16 — Congress passes and sends to a waiting president for his eventual signature legislation to avoid a threatened US default and end the partial, 16-day government shutdown. It’s the culmination of an epic political drama that threatened the US and global economies.
23 — German Chancellor Angela Merkel complains to US President Barack Obama after learning US intelligence may have targeted her mobile phone, saying it would be a “serious breach of trust” if confirmed.
27 — Lou Reed, who radically challenged rock’s founding promise of good times and public celebration as leader of the Velvet Underground and a solo artist, dies aged 71.
4 — Ousted Egyptian president Mohammed Morsi refuses to wear a prisoner jumpsuit, as he enters the dock at the start of his trial on murder charges in a dark suit. He defiantly questions the legitimacy of the court and proclaims himself Egypt’s leader.
8 — One of the strongest storms on record ever slams into the central Philippines, killing thousands of people and forcing thousands of others from their flattened homes and knocking out power and communications in many provinces.
15 — China’s leaders announce the first significant easing of their one child policy in nearly 30 years and moves to abolish its labour camp system, addressing deeply unpopular programs at a time when the Communist Party feels increasingly isolated from the public.
17 — Doris Lessing, an independent and often irascible author who won the Nobel Prize in 2007, dies aged 94 in London.
17 — Chile holds presidential, legislative and local elections. Michelle Bachelet fails to achieve absolute majority to win presidency, to face Evelyn Matthei in December run-off.
19 — Venezuela’s National Assembly grants President Nicolás Maduro decree powers for a 12-month period to counter the “economic war” Maduro believes the opposition has launched against his government.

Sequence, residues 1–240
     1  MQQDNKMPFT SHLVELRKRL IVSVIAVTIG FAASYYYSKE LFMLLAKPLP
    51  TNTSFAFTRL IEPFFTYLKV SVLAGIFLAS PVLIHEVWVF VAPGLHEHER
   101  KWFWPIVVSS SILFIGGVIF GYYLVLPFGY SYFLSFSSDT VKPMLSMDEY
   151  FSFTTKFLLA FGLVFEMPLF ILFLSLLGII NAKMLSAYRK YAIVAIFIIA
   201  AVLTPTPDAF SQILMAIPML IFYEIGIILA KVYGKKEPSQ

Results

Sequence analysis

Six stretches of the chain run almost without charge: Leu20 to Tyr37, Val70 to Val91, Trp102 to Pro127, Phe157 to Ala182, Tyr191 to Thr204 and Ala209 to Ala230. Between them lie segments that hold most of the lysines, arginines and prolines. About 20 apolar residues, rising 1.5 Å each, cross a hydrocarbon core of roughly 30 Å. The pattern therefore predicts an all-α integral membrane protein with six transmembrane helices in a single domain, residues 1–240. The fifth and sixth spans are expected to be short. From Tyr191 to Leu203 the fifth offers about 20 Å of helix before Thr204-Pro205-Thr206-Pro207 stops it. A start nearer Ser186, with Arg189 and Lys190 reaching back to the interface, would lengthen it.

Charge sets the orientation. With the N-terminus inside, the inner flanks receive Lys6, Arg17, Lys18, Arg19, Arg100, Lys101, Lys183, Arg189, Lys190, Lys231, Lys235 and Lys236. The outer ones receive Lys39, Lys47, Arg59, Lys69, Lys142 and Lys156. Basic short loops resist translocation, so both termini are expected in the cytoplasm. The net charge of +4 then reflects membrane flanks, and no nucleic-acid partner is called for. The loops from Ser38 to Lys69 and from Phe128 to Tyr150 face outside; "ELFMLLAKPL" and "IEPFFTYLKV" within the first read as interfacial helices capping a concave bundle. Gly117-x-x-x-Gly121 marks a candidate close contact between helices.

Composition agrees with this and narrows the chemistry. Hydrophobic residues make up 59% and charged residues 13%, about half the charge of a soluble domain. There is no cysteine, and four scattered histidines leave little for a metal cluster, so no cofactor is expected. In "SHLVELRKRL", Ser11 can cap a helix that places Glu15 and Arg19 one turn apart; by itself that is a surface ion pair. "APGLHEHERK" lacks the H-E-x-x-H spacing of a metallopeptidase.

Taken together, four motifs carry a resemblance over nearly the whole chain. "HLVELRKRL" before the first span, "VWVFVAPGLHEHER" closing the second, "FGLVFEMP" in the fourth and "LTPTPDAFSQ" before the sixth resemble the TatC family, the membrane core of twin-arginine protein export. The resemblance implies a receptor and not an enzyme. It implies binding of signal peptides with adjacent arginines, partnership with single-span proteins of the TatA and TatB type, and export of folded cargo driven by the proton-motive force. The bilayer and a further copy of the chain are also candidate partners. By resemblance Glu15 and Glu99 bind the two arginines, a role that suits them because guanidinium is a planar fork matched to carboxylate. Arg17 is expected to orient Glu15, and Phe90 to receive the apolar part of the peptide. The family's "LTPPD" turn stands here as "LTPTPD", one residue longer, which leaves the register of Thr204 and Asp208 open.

24 — Iran strikes a deal with the US and five other world powers, agreeing to a temporary freeze of its nuclear programme.
29 — Around 10,000 protesters crowd into the centre of Kiev, Ukraine’s capital, to demand the president’s resignation after he shelved a landmark agreement with the European Union in favour of closer ties with Russia.
5 — Nelson Mandela, the iconic anti-apartheid leader who became South Africa’s first black president and was a global symbol of sacrifice and reconciliation, dies at his home, sparking worldwide mourning.
10 — US President Barack Obama energizes tens of thousands of spectators in South Africa at Nelson Mandela’s memorial sevice. Obama also shakes hands with Cuban leader Raúl Castro.
10 — Uruguayan Senate votes to approve law legalizing the sale, cultivation and distribution of cannabis.
12 — North Korea announces the execution of Kim Jong-un’s uncle, calling the leader’s former mentor a traitor who tried to overthrow the state.
14 — Peter O’Toole, best known for playing T.E Lawrence in Lawrence of Arabia, passes away aged 81.
15 — Nelson Mandela is laid to rest in his childhood hometown, ending a 10-day mourning period for South Africa’s first black president.
15 — Michelle Bachelet becomes the first President to be re-elected in Chile since the return of democracy, taking 62 percent of the vote in a run-off against Evelyn Matthei.
20 — Mexican President Enrique Peña Nieto signs into law a sweeping reform that will allow private companies to drill for oil and gas in the country, ending a seven-decade-long monopoly held by the state oil company.
22 — Mikhail Khodorkovsky, the Russian oligarch and Putin critic imprisoned for 10 years before being freed in an amnesty, says he will work to secure the release of Russia’s political prisoners.
29 — A suicide bomber set off a blast in the entrance hall of a Russian train station in Volgograd, killing at least 16 people.